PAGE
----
Man United, Moscow, 'killing' Arsenal and more -- Anderson talks to ESPN
Having joined Manchester United as a 19-year-old, Anderson became a cult hero with fans. A decade after the Brazilian midfielder arrived at Old Trafford, he spoke to Andy Mitten about his career, touching on Champions League glory, his love for Sir Alex Ferguson, why Wayne Rooney deserves "more love," Louis van Gaal's "robotic" managerial style and his belief that his former club will get back to the top with the likes of Paul Pogba and Romelu Lukaku.
PORTO ALEGRE, Brazil -- For the past hour, Anderson has been talking at a house he's renting over the New Year. His close friends are outside making a churrasco, a Brazilian BBQ that the men of Rio Grande do Sul -- Brazil's southernmost state -- take great pride in cooking.
This interview has taken weeks to set up but, eventually, I spend 24 hours with the 29-year-old, former Brazil international. He currently plays for Internacional, but is known best for the eight years he spent at Manchester United.
A man who loves life, Anderson turns Drake's Passionfruit up so loud on the stereo that you can feel the bass; he plays on his Playstation; he greets everyone in the street like a best friend. People warm to him; they like the kid who grew up in extreme poverty but went on to score a penalty that helped win a Champions League final.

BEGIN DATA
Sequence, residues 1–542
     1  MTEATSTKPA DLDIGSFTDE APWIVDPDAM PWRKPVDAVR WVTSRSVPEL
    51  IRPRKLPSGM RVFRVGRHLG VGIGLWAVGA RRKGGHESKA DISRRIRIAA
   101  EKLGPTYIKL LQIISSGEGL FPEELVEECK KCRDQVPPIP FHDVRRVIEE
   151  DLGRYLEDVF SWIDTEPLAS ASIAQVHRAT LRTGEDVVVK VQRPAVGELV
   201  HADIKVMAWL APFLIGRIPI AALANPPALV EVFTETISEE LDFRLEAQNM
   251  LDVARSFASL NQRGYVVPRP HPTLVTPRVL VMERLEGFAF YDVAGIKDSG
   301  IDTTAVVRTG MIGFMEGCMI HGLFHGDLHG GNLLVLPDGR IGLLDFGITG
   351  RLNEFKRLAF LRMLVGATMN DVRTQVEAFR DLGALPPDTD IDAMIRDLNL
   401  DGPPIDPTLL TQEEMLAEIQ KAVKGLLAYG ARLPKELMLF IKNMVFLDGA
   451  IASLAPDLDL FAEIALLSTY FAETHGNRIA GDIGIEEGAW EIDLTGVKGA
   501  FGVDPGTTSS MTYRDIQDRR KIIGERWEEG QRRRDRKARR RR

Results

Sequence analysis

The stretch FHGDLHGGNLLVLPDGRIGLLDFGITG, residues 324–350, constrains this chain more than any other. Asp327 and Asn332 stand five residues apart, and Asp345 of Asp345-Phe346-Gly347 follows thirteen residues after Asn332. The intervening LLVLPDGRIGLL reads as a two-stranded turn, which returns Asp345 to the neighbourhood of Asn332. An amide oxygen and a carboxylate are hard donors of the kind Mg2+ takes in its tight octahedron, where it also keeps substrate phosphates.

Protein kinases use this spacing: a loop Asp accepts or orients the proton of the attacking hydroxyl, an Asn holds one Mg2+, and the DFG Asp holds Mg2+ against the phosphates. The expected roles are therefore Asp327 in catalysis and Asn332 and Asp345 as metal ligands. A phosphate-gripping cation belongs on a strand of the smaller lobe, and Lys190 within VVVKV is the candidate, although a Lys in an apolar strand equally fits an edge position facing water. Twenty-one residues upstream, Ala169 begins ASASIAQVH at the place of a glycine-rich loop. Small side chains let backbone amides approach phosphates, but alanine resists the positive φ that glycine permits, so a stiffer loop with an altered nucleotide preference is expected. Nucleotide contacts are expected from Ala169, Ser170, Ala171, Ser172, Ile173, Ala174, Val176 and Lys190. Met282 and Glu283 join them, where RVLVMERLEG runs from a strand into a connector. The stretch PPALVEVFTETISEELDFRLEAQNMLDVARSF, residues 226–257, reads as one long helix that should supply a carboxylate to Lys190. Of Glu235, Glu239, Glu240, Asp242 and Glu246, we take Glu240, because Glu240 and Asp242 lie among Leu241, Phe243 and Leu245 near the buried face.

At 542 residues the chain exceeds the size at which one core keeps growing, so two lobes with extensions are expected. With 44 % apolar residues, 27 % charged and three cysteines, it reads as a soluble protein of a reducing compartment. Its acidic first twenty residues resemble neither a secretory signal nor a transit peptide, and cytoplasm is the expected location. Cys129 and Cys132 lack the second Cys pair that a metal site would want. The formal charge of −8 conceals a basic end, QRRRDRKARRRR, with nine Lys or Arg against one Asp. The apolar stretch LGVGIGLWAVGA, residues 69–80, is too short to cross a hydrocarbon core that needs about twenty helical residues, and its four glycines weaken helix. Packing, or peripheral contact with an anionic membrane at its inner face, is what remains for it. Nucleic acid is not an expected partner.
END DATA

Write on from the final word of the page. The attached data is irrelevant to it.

It still puzzles some former United players why Sir Alex Ferguson loved Anderson so much. Like Eric Cantona, a different set of disciplinary rules applied. Moreover, those teammates weren't envious. They couldn't get enough of his smiles and quirky use of the English language; Anderson still pronounces beach as "beachy," house as "housey" and refers to Michael Carrick as 'Carricky'.
He's generous, funny, cheeky, the life and soul, except now tears are coming out of his eyes. He's talking about May 21, 2008 in Moscow -- the European Cup final between United and Chelsea -- and the moment when, with the score level at 1-1, he was told to come on as a substitute in the last minute of extra-time, because Ryan Giggs told Ferguson that "Ando is very good at penalties."
"I came on the pitch and didn't touch the ball before the game ended," says Anderson. "It was straight to penalties and I was the sixth one. [Cristiano] Ronaldo missed. The best guy missed! We all thought 's---!' [Carlos] Tevez, Carrick, [Owen] Hargreaves -- great player -- Nani. All scored. John Terry missed. If he'd scored Chelsea would have won. I was not thinking about him. It was me next. It was the longest walk towards that ball.
"I started to think about my life. I had been born very poor. My life had been so hard. As I walked up, I thanked God for giving me everything. God told me that this penalty was like a sweet; a cake. It was my moment to be enjoyed. When God said this my nerves went away. I had pictures of my life in my mind. Very poor. No money. Fights with my mum. Sometimes nothing to eat. My father dying. Leaving home when I was 12. Gremio. Porto. I walked to the ball and crashed it. [Petr] Cech is a big man with big hands. He touched the ball, but it went in.